Round youthful Henry's restless bed
His weeping friends and parents pressed;
But she who raised his languid head
He loved far more than all the rest.
Fond mutual love their bosoms fired;
And nearly dawned their bridal day,
When every hope at once expired,
For Henry on his death-bed lay.
The fatal truth the sufferer read
In weeping Lucy's downcast eye:
"And must I, must I, then," he said,
"Ere thou art mine, my Lucy, die!
"No,...deign to grant my last, last prayer;
'T would soothe thy lover's parting breath,
Wouldst thou with me to church repair,
Ere yet I feel the stroke of death.
"For trust me, love, I shall my life
With something like to joy resign,
If I but once may call thee wife,
And, dying, claim and hail thee mine."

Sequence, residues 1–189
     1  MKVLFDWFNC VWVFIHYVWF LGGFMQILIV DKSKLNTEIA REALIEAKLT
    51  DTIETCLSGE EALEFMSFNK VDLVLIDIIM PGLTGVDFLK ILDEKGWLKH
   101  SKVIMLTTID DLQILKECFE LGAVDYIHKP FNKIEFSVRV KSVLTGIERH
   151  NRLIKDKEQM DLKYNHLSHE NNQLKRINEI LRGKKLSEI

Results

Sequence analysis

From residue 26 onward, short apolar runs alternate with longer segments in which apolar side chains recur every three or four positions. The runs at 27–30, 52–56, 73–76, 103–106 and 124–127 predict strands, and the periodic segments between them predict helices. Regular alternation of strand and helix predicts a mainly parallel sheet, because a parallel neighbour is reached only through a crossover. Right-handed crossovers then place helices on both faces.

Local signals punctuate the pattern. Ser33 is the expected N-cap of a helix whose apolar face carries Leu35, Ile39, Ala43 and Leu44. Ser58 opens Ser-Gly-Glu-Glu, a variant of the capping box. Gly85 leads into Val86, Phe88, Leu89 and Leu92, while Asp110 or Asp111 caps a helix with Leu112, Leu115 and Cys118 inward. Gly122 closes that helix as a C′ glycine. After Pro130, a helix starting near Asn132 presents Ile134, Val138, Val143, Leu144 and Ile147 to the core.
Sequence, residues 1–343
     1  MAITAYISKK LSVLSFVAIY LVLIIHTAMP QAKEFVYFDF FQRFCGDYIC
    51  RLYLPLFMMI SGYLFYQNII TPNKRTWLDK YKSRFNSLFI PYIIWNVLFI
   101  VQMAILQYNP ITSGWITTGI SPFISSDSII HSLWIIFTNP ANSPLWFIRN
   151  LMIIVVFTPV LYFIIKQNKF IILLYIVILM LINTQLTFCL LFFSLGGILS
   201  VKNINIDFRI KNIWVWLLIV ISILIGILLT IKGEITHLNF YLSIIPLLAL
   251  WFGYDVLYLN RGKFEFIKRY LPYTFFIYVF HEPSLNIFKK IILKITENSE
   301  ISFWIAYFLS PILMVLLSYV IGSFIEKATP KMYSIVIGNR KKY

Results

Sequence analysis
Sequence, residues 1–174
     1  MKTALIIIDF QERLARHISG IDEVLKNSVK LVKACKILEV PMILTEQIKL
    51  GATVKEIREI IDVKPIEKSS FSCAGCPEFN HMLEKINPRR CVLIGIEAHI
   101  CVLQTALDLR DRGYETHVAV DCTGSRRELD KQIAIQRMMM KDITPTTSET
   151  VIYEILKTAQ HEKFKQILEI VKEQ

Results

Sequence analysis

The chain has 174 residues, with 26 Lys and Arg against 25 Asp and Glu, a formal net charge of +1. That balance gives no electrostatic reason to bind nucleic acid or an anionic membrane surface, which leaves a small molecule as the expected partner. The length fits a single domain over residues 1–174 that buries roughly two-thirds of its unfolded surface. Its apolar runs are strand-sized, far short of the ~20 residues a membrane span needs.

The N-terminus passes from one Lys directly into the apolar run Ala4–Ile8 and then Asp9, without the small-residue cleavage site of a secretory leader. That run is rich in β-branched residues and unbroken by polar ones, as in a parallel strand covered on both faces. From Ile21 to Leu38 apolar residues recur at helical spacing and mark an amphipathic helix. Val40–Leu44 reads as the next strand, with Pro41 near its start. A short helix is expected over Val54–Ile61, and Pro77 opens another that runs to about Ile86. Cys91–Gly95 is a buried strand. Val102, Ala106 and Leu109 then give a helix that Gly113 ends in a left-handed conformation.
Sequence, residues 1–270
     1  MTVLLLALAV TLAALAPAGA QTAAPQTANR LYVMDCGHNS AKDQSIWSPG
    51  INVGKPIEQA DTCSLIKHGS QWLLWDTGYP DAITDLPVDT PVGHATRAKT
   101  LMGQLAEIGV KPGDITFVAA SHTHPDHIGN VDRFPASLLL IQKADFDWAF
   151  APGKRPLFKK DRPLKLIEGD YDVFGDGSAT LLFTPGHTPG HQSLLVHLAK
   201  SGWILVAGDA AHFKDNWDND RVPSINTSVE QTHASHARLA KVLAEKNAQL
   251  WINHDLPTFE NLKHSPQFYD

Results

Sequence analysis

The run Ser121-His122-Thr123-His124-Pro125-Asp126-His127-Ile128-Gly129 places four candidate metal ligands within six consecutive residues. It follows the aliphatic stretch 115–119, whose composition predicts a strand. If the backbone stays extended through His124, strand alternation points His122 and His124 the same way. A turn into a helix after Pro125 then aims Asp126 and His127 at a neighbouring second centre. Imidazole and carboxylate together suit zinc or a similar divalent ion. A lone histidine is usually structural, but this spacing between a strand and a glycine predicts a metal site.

He ceased: and Lucy checked the thought
That he might at the altar die,....
The prayer with such true love was fraught,
How could she such a prayer deny?
They reached the church....her cheek was wan
With chilling fears of coming woe....
But triumph when the rites began
Lent Henry's cheek a flattering glow.
The nuptial knot was scarcely tied,
When Henry's eye strange lustre fired,
"She's mine! she's mine!" he faltering cried,
And in that throb of joy expired.
More verses by Amelia Opie
- Lines Written In 1799.
- Love Elegy, To Henry
- On The Approach Of Autumn
- On Hearing That Constantinople Was Swallowed Up By An Earthquake
- Love Elegy, To Laura